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Tale of the tape: How the Thunder and Lakers match up

Now that Dwight Howard has been traded to Los Angeles, how do the Lakers compare to the defending Western Conference champs?
by Darnell Mayberry Published: August 10, 2012

The Dwight Howard saga is over, finally, and it ended in the worst possible way for the Thunder — with the league's best center landing in Los Angeles as the newest member of the Lakers.

Many consider the four-team blockbuster trade that sent Howard from Orlando to L.A. to be a move that puts the Lakers in control of the Western Conference. It's a move that comes on the heels of the Lakers adding floor general Steve Nash and regaining their relevance following a five-game loss to the Thunder in last season's semifinals.

But before the Lakers waltz to their 17th NBA championship, they seemingly will have to get past the Thunder. Even with their additions, that won't be an easy task. Here's a look at the updated matchups and how the new pieces could change things.


ANALYSIS: It's Nash's newfound weapons that even turn this matchup into a discussion, because we saw Westbrook thoroughly dominate the two-time MVP last season. Nash averaged just 10.7 points and eight assists in three games against the Thunder last year, all losses. And it's Nash's offense that even makes him a threat. Defensively, Nash doesn't stand a chance. Westbrook averaged 21.3 points and 6.3 assists while shooting 49 percent against Phoenix last year. But with Kobe Bryant there to help slow Westbrook on the wing, and Dwight Howard now in the middle, Westbrook will undoubtedly face stouter defense from the Lakers. And with Bryant, Howard and Pau Gasol flanking him, expect Nash to be as good as you've ever seen him orchestrating his team's offense.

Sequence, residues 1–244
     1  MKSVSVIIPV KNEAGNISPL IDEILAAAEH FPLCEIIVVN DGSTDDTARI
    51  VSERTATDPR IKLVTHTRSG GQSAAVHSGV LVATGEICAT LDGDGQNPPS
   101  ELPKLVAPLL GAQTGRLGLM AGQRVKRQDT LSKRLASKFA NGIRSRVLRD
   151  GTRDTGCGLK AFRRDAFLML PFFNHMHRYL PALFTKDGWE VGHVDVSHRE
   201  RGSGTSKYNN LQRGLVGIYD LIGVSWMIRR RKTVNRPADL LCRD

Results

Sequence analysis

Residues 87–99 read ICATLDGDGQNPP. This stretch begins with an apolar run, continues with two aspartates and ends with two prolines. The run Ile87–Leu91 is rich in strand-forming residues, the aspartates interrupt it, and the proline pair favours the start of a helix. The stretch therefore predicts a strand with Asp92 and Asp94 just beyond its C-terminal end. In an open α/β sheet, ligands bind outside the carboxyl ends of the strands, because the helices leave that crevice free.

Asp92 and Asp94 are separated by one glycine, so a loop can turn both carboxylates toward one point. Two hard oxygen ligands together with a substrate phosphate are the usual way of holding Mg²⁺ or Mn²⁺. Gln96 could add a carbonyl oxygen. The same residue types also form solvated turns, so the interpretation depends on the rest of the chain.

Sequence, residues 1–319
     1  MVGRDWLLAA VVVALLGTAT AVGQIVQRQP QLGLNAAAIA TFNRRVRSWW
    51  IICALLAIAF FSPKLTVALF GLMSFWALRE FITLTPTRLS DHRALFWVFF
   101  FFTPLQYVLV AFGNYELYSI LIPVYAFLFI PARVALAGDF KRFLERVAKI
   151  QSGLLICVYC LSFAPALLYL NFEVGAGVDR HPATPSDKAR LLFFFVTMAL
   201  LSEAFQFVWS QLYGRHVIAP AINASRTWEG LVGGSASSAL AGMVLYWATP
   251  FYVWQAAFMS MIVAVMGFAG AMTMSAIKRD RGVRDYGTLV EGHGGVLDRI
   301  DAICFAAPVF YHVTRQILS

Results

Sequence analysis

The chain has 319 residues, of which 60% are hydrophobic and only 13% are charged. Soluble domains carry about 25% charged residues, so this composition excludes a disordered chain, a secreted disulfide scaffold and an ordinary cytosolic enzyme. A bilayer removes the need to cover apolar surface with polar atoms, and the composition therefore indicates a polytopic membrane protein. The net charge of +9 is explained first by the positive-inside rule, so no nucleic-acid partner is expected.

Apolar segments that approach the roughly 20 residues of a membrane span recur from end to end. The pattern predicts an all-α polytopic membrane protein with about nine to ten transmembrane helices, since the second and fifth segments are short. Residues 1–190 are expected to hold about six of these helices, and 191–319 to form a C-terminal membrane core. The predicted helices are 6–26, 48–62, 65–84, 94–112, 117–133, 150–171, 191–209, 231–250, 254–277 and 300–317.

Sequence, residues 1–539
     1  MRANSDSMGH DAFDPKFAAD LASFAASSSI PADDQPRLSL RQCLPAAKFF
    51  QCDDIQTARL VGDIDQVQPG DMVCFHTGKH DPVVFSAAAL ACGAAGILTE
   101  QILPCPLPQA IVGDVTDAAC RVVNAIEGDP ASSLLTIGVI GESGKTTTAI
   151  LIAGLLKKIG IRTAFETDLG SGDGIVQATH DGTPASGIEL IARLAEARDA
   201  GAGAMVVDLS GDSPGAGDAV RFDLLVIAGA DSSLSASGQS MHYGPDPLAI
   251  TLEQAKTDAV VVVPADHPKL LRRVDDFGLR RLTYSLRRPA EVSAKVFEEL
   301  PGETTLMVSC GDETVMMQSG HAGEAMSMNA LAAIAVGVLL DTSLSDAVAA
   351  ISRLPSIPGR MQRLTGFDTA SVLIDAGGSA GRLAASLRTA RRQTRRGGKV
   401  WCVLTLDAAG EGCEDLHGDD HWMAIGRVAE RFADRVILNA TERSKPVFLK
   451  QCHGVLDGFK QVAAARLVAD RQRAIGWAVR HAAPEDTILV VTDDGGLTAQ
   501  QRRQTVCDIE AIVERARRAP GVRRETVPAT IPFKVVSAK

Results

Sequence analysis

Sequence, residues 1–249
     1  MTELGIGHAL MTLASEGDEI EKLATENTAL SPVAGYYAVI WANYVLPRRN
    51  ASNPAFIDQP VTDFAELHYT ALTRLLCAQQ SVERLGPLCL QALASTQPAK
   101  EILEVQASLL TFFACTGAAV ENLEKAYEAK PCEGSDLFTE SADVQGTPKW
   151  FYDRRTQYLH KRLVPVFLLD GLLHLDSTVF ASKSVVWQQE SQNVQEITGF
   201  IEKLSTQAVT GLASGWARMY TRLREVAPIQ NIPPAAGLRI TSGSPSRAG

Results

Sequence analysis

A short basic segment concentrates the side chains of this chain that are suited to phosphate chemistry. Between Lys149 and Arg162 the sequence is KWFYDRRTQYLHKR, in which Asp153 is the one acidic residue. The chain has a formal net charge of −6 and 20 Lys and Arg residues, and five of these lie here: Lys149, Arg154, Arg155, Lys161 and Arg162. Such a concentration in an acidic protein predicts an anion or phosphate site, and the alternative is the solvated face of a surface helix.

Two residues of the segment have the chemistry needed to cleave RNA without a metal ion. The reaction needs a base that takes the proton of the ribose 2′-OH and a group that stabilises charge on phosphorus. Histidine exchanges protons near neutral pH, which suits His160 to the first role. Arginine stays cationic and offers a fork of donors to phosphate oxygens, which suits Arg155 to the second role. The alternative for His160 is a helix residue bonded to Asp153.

EDGE: Thunder.


ANALYSIS: Who remembers the last time the Thunder had to double-team Kobe Bryant? We certainly don't. That's a credit to Sefolosha. He's become one of the toughest defenders Bryant sees each season. In three games against the Thunder last year, Bryant averaged 24.3 points on 30.7 percent shooting — his third lowest connection rate against any team he faced at least three times. Sefolosha hounded Bryant in two of those games. James Harden also has had some of his best defensive games against Bryant. Thanks to that tandem, the Thunder has no reason to fear the bite of the “Black Mamba.”

EDGE: Lakers.


ANALYSIS: World Peace is getting older. Durant is getting better. Three years ago, Durant struggled against a player as physical defensively as World Peace. Now, Durant has learned to have success against any and all types of defenses. But here's why Howard is so handy for the Lakers. Even moderate success for World Peace against Durant becomes a huge win. With the Thunder seemingly set to have more trouble scoring against the Lakers, OKC will need Durant to be at his best. The 42 percent he shot against L.A. last year would feel like 32 percent next season.

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by Darnell Mayberry
OKC Thunder Senior Reporter
Darnell Mayberry grew up in Langston, Okla. and is now in his third stint in the Sooner state. After a year and a half at Bishop McGuinness High, he finished his prep years in Falls Church, Va., before graduating from Norfolk State University in...
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